KD is primarily a children’s disease. “Kawasaki‘s disease is usually limited to children 5 years of age and under,” Dr. Woods says. “There are some forms of atypical Kawasaki disease that affect slightly older children, but typically adults are spared.”
While KD can affect all genders and ethnicities, boys are 1.5 times more likely than girls to experience KD. Kawasaki disease is more prevalent in Japan and among certain ethnic groups—primarily those of Asian descent. Most children with KD are less than 5 years old. In the continental United States, KD is more common during the winter and early spring.
Kawasaki disease symptoms
The hallmark of KD is a high fever lasting at least five days, that can’t be attributed to anything else. Other symptoms of Kawasaki disease include:
- Red eyes (bloodshot—without discharge)
- Strawberry tongue (white coating and red bumps on the tongue)
- Red, dry, cracked lips
- A pinkish rash on the body, particularly in the groin area
- Purple, red color on the palms of the hands and/or the soles of the feet
- Swollen palms and/or soles of the feet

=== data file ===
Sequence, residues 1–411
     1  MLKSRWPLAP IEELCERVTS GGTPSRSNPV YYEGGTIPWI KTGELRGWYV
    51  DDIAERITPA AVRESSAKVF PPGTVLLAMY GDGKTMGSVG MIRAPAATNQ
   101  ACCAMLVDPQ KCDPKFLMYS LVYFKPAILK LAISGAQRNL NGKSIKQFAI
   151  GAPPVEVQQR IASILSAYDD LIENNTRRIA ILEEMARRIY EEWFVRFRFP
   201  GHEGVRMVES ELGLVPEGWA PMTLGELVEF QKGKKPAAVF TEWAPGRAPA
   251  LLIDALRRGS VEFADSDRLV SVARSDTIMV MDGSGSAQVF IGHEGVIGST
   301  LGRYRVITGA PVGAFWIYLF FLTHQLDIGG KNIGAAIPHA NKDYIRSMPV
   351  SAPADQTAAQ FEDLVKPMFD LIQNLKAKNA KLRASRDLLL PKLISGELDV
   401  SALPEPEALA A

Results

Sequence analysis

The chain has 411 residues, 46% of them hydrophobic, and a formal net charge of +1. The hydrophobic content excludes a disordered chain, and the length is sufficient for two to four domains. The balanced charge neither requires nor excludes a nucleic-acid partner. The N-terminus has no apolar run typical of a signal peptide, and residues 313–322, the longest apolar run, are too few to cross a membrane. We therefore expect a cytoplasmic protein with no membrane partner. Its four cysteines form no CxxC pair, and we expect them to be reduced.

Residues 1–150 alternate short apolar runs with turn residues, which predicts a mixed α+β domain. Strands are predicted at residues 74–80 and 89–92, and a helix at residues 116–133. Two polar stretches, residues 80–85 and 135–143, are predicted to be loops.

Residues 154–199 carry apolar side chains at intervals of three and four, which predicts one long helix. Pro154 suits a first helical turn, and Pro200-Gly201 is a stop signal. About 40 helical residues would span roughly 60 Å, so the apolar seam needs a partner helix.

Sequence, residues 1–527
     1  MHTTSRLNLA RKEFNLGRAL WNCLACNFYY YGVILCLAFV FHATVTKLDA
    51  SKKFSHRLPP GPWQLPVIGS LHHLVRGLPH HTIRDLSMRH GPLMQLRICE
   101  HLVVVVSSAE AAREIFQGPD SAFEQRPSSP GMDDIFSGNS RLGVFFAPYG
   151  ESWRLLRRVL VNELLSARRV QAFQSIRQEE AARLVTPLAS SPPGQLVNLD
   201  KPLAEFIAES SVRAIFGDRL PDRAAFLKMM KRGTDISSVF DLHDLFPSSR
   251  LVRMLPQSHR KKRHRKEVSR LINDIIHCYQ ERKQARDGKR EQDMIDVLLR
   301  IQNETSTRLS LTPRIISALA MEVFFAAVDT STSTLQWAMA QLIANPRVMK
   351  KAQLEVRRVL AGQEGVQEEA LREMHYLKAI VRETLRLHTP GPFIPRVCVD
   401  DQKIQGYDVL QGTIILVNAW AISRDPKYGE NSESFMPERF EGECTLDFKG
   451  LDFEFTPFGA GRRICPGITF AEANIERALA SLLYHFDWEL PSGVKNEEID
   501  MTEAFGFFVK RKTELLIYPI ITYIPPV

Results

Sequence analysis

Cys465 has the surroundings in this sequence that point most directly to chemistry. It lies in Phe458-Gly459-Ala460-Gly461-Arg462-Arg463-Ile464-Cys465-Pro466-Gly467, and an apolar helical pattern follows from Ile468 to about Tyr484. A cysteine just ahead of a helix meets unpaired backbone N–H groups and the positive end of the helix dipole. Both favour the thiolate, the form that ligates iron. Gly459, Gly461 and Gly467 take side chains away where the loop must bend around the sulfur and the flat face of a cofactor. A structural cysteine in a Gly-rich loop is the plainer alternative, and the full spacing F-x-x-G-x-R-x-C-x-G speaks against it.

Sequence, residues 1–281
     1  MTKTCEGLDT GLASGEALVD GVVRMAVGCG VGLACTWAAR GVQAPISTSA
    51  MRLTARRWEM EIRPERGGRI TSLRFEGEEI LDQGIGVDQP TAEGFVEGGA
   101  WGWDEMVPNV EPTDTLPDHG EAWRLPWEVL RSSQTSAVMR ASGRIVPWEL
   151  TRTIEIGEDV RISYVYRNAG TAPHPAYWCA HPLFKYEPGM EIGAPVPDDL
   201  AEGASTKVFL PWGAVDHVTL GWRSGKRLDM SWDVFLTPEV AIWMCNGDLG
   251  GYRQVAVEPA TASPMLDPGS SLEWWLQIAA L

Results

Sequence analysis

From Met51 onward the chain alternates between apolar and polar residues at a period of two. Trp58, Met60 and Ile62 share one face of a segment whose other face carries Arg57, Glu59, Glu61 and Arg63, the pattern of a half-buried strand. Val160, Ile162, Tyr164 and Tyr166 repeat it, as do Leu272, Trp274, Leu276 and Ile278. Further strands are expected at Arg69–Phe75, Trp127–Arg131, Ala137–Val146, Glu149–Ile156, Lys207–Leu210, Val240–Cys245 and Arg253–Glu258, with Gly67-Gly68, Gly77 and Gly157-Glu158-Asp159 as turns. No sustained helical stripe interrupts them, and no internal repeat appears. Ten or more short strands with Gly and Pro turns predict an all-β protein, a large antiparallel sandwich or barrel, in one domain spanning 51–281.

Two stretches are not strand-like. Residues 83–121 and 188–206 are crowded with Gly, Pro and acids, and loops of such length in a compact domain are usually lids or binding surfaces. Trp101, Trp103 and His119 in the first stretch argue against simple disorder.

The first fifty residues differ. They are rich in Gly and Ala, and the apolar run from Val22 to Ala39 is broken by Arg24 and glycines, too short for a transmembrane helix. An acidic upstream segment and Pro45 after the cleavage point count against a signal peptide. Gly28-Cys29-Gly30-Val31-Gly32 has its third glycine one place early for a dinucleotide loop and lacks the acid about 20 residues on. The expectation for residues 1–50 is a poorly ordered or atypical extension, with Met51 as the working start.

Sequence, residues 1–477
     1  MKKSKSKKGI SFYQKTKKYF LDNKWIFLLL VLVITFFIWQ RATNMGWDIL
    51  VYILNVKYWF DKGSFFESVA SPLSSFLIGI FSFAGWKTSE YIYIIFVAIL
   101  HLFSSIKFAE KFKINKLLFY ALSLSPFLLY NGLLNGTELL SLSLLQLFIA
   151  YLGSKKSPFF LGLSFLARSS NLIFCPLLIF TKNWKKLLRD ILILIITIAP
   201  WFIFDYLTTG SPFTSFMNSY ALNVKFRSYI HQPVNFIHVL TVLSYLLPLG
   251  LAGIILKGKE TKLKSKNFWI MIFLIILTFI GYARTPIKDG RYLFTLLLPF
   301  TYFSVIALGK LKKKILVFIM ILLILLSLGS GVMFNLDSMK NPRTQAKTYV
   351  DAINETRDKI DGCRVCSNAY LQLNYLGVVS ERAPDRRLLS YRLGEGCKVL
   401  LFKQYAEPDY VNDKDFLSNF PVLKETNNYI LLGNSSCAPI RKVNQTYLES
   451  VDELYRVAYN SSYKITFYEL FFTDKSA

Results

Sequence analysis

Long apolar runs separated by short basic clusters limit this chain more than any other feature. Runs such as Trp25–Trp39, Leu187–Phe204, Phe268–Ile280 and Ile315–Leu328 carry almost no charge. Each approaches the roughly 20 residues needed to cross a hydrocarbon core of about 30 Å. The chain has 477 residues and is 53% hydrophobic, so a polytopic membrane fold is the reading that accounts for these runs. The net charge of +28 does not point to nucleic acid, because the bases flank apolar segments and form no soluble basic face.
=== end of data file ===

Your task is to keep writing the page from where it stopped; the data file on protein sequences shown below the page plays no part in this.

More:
- Sore throat
- Swollen lymph nodes in the neck
These symptoms may not appear at the same time. Make note of symptoms even if they aren’t present all at once. Other symptoms that can occur include:
- Peeling skin on hands and feet (usually two to three weeks after the fever starts)
- Abdominal pain
- Joint pain
How is Kawasaki disease diagnosed?
“KD is diagnosed based on a child’s clinical presentation and lab work,” Dr. Woods says. “Once a child has a fever for more than five days, the physician or nurse practitioner is aware to look for some other features of Kawasaki disease.”
In addition to an exam, the healthcare professional may choose to run medical tests.
“There are also some laboratory features, such as markers of inflammation, that also fit the picture of Kawasaki disease,” says Dr. Woods. “If a clinician is suspicious for Kawasaki disease, often an echocardiogram (or ultrasound of the heart) will be done to see if there are any changes such as an aneurysm (or ballooning) of the coronary artery.” There is no specific blood test to confirm KD, but lab studies may be helpful to guide the diagnosis.